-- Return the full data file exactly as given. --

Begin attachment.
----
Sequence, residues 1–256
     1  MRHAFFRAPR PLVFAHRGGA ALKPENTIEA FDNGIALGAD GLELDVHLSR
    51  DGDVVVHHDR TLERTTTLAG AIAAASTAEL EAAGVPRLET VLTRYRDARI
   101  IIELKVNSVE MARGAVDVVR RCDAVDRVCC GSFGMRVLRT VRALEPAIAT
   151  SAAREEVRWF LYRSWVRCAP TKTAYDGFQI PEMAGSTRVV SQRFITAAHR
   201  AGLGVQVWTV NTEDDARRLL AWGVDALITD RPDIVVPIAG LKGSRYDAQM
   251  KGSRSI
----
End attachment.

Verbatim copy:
Sequence, residues 1–256
     1  MRHAFFRAPR PLVFAHRGGA ALKPENTIEA FDNGIALGAD GLELDVHLSR
    51  DGDVVVHHDR TLERTTTLAG AIAAASTAEL EAAGVPRLET VLTRYRDARI
   101  IIELKVNSVE MARGAVDVVR RCDAVDRVCC GSFGMRVLRT VRALEPAIAT
   151  SAAREEVRWF LYRSWVRCAP TKTAYDGFQI PEMAGSTRVV SQRFITAAHR
   201  AGLGVQVWTV NTEDDARRLL AWGVDALITD RPDIVVPIAG LKGSRYDAQM
   251  KGSRSI